51. Smallpox cemetery
Chatham’s smallpox cemetery is located in the area known as the “Training Field Triangle”, also as the “Golden Triangle”, which is a town conservation area. A conservation trail approximately a mile long makes the full circuit around the Triangle.
The Smallpox Cemetery is located on the north side of the Triangle. From November 1765 to May 1766, Chatham lost 37 of its 678 residents to a smallpox epidemic. This was one of the Cape’s worst outbreaks, believed to have arrived in Chatham in either a shipment of clothing from the West Indies, or a bale of cotton from the South. Typically an outbreak of smallpox could be contained quickly in a community, but somehow in Chatham it spread to epidemic proportions. During one week, there were seventeen deaths. Before it was over, the disease claimed the deacon, the doctor from Harwich, and the local doctor, Dr. Samuel Lord (whose gravestone is site #52 on this eTour).
This smallpox cemetery was established during the epidemic and is separate from the town’s early cemeteries, located about a half-mile to the south, out of fears that using the regular cemeteries would spread the disease. Even so, few of the epidemic’s victims were actually buried here, due to fears of spreading the disease during funerals. Most victims were buried quietly without a funeral service on family farms.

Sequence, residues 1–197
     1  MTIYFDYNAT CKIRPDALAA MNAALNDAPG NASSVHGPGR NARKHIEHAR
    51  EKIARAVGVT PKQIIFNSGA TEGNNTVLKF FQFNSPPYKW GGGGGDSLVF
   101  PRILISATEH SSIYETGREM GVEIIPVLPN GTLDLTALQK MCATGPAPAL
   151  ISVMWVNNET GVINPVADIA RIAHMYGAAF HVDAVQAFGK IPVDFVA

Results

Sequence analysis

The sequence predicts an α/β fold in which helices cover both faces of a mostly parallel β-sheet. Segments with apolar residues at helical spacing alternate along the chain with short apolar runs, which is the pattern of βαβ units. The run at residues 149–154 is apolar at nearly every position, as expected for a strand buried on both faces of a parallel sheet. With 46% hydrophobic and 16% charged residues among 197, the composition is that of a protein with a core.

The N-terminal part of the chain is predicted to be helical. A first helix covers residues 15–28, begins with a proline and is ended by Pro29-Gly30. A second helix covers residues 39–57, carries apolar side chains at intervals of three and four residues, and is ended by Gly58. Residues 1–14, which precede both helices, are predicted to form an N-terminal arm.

This Triangle area had many uses over the course of Chatham’s history. It was cleared for farming by the early settlers, and was also used for training the Colonia Militia, according to local folklore. As early as 1681, the inhabitants of Monomoit were ordered by Plymouth Colony to choose men to be outfitted with arms and ammunition and to train them as militia. Every year until 1830, there was a general training which took place on, or maybe near, this triangle.
This 38 acre parcel was acquired by the Town of Chatham for conservation and recreational purposes in 1972. It was one of the first parcels purchased by the town for setting aside as conservation land. It contains one of Chatham’s five state-certified vernal pools and a smaller kettle hole wetland. Since its purchase, a trail has been created around the periphery of the property, which has been maintained and improved over the years with the help of the local Boy Scout troop and AmeriCorps volunteers, under the oversight of the Chatham Conservation Commission.
Please follow the rules of Conservation Land use. On any excursion into the woods in Chatham, pay attention to the season and watch out for poison ivy and ticks.